Senate Highway Reauthorization Proposal
The bipartisan leadership of the Senate Environment and Public Works (EPW)
Projects of National and Regional Significance. The bill would make “Projects of National and
Regional Significance” a per...
TIFIA and Innovative Finance. The proposal would continue to allocate $1 billion per year for
the Transportation Infrastru...
Senate MAP-21 Reauthorization Bill Authorization Levels
(billions of dollars)
FY 2015 FY 2016 FY 2017 FY 2018 FY 2019 FY 2...
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Artba Senate Summary


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Artba Senate Summary

  1. 1. Senate Highway Reauthorization Proposal The bipartisan leadership of the Senate Environment and Public Works (EPW) Committee late May 12 released a proposed six-year, $260 billion reauthorization of the federal highway program. While the measure’s investment total reflects current levels of highway investment adjusted annually for inflation, the bill’s authors have taken steps within the program to direct an increased proportion of resources toward infrastructure activities. The measure maintains the new highway program structure created in the 2012 Moving Ahead for Progress in the 21st Century Act (MAP-21) and adds $6 billion for a new National Freight Program and $2.4 billion for a new Projects of Regional and National Significance Program. The measure, however, would shift $400 million per year in Federal Highway Administration (FHWA) research activities that are currently supported by the Highway Trust Fund’s Highway Account to the federal General Fund. As a result, if the bill was enacted, future FHWA research funding would need to be provided specifically in the annual appropriations process. The proposal from EPW Committee Chairman Barbara Boxer (D-Calif.), Ranking Republican David Vitter (R-La.), Transportation & Infrastructure Subcommittee Chairman Tom Carper (D-Del.) and Subcommittee Ranking Republican John Barrasso (R-Wyo.) is scheduled to be considered by the full EPW Committee May 15. Key highlights of the proposal include: National Freight Program. The bill would upgrade the National Freight Policy section of MAP-21 into a National Freight Program, with separate funding growing from $400 million in FY 2016 to $2 billion in FY 2020. Most of the provisions track MAP-21 freight policy, with one major addition setting out how the freight program funds may be used. The MAP-21 provision giving the secretary of transportation one year to designate a 27,000 mile national freight network would be amended to allow states to increase designated mileage by up to 10 percent and give states permission to add critical urban freight corridors as well as critical rural freight corridors to the network. The bill would also require states to establish a freight advisory committee and develop a state freight plan, both of which were encouraged but not mandatory under MAP-21. This proposal differs from similar provisions in the Administration’s proposed reauthorization bill by limiting the national freight network to highways and intermodal connectors, whereas the Administration would include rail and other modes.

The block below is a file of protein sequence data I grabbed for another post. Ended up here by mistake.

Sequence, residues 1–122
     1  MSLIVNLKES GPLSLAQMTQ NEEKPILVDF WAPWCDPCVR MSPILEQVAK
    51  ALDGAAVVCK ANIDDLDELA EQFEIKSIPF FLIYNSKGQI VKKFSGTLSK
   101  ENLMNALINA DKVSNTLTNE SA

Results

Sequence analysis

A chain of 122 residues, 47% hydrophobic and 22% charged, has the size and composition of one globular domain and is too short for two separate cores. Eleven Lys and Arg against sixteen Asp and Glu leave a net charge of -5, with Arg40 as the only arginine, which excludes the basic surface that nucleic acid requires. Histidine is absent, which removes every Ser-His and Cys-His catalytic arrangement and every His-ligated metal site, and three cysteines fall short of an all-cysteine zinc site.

2. 2. Projects of National and Regional Significance. The bill would make “Projects of National and Regional Significance” a permanent program with $400 million in funding per year. The secretary could make grants for high-cost projects that would have a significant impact on a region or the nation but would be difficult to complete with existing federal, state, local and private funds. Projects costing more than $350 million, or exceeding a designated percent of the state’s federal highway funds, and meeting a list of program selection criteria would be eligible for grants of up to $50 million. At least 20 percent of the funding must go for projects in rural areas and rural states, and no more than 20 percent of the available funds in a fiscal year may be awarded to projects in a single state. Project Delivery. The Senate proposal would build upon improvements to the project delivery process initiated through MAP-21. Whereas MAP-21 introduced many new reforms to the project delivery process, the Senate proposal would clarify those reforms and, in some cases, expand opportunities for their use. In particular, the Senate proposal would expand the use of “programmatic agreements” during project review and approval. Programmatic agreements are arrangements between different parties involved in the environmental review and approval process which outline responsibilities and have been found to reduce project delay. The Senate proposal would direct the secretary to establish a programmatic agreement “template” in an effort to encourage their use. Also, the Senate proposal allows programmatic agreements to be given “substantial weight” for satisfying environmental responsibilities under the National Environmental Policy Act (NEPA). If enacted, the measure would also focus on reducing duplicative efforts in the NEPA and transportation planning processes. Specifically, the proposal increases the opportunities for documents developed during the planning process to be used to satisfy NEPA requirements. Also, alternatives analyzed and rejected during the planning process would not need to be re-analyzed during NEPA review. The Senate proposal also simplifies historical preservation and mitigation requirements. Under the bill, the secretary of transportation may determine that no practical alternative exists when a project might impact a historical resource. When such a determination is made, there would no longer be a need for any further alternatives analysis. The Senate proposal also contains provisions expanding the use of categorical exclusions for multi-modal projects. Highway Trust Fund Accountability. The proposal would require the U.S. Department of Transportation to make detailed data on all federal-aid projects and federal funds available to the public on its website. Data would have to be published within 180 days after the end of each fiscal year and updated regularly. The information would include project data as well as summary data by state and by program. The provision strengthens an ARTBA-supported proposal from MAP-21.